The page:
Looking To Buy A Home Soon? Here Is What You Need To Do Now!
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If you're in the market to buy here's some advice to help would-be home buyers plot their next move.
The good news: There are a lot more homes to choose from. In addition to the additional properties already on the market, Zillow's Humphries is forecasting an increase in houses and condos for sale this year as builders pick up the pace and more homeowners cash in on their rising equity. As prices have risen from the depths of the recession—the median sales price hit bottom in 2012, at an average home price of $152,000—the flippers have started to flee, which has helped the overall market stabilize. "Home prices have risen to the point where, in many markets, houses don't make sense for investors," says Daren Blomquist, vice president of Realty-Trac, noting that cash buyers dipped to 30%, the lowest in four years. "That helps level the playing field for regular buyers.”
Then there's that other important factor: interest rates. Despite prognostications that they could tick up by summer, the 30-year fixed rate—recently at 3.7%—"is still within shouting distance of 60-year lows," says Keith Gumbinger, vice president of HSH, a mortgage information provider.
1. Start hunting.
Sure, you've been hearing for years that interest rates would shoot up soon. This time you can
believe it—Federal Reserve
chairman Janet Yellen signaled as much in her most recent Federal Open Market Committee
statement. The NAR is forecasting that the 30-year fixed-rate mortgage will average 4.3% in the third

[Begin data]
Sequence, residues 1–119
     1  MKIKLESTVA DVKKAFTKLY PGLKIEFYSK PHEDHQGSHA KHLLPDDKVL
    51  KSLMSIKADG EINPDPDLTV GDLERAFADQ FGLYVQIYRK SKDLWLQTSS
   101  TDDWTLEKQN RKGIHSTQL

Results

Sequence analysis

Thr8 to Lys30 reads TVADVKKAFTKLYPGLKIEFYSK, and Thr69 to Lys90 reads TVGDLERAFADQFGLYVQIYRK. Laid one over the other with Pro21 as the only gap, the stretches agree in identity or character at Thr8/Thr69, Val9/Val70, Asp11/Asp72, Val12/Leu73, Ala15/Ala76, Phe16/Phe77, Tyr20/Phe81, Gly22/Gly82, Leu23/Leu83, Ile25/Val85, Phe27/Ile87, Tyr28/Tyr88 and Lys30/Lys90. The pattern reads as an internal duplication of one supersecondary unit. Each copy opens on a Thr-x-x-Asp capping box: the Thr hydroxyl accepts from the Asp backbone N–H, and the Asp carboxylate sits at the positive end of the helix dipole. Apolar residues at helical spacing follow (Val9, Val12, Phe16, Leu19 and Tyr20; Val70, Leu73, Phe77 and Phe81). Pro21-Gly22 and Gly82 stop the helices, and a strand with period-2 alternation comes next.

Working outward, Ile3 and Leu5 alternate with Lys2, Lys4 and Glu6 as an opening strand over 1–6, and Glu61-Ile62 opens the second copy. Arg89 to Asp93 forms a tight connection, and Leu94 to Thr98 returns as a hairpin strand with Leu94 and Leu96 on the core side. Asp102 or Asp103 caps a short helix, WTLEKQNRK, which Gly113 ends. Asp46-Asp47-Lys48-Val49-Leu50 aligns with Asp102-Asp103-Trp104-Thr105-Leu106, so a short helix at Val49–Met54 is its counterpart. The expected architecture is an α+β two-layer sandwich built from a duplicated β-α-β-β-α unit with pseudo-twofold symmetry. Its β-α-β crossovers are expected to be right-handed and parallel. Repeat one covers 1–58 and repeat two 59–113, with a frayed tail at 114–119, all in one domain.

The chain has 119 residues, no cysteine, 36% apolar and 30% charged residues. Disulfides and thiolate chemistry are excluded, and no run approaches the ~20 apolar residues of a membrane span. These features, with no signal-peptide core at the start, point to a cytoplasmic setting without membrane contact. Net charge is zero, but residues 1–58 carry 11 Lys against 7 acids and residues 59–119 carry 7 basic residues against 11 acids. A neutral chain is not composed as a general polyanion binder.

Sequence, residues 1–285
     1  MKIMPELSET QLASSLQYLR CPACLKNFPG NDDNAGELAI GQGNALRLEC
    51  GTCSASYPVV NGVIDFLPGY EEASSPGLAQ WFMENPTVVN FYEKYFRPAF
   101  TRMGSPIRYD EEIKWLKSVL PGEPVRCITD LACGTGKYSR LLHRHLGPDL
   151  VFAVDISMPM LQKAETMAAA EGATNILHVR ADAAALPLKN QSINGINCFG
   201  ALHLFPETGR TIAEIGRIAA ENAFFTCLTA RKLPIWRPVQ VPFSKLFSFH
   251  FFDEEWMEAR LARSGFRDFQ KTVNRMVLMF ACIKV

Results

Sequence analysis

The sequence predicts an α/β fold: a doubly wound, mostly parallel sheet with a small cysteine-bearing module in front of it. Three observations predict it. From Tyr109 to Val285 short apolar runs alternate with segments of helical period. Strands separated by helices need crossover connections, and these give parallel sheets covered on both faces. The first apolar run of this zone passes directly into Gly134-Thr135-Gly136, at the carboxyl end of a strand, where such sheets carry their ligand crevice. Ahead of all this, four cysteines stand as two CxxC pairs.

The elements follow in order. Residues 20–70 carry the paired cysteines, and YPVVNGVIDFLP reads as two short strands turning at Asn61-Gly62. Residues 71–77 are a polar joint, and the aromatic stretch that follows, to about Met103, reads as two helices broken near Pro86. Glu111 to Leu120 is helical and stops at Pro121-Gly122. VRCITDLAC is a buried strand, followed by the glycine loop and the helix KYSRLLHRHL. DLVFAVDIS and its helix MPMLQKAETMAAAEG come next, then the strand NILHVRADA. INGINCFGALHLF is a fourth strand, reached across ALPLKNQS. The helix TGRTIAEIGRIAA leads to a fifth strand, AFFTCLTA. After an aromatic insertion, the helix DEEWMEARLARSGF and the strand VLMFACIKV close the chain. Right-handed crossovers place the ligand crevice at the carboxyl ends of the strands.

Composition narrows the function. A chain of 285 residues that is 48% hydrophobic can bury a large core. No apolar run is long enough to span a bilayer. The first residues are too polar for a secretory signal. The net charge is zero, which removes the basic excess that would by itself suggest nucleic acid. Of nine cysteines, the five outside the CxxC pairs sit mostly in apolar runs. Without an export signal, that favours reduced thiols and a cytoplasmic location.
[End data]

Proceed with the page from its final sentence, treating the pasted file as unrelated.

quarter of this year, 4.7% in the fourth, and 5.3% over all of 2016. On a $300,000 loan, the difference
between 3.7% and 5.3% would be $285 a month (a payment of $1,381 vs. $1,666) and $102,600
over the life of the loan.
Those rates could go even higher if Europe's economy starts to recover, warns Sam Khater, deputy
chief economist for CoreLogic. One reason that American mortgage rates have stayed so low is that
in recent years global investors have poured money into the relative safety of U.S. Treasuries, a main
factor influencing the price of mortgages. If money starts flowing back out to the rest of the world,
domestic rates will inch up.
Home prices have been heading up as well. Not as fast as in the bubble years, of course, but some
areas have already seen double-digit growth. "Until recently the fastest-growing markets were those
hit hardest," says Khater. "Today the fastest growing are those with healthy economies." With the
economy on the upswing, there are a lot more of those now too.
2. Go fixed-rate, not flex.
Adjustable-rate loans may look irresistibly low now—around a 3% average for a five-year and as low
as 2.5% for borrowers with credit scores of 760 and higher. But you're likely to end up paying
significantly more at the reset date with rates heading upward. "It's hard to argue against a fixed-rate
loan," Gumbinger says. The exception: Buyers who plan to stay in the home for less
than 10 years may benefit from the low ARM rates in the fixed period.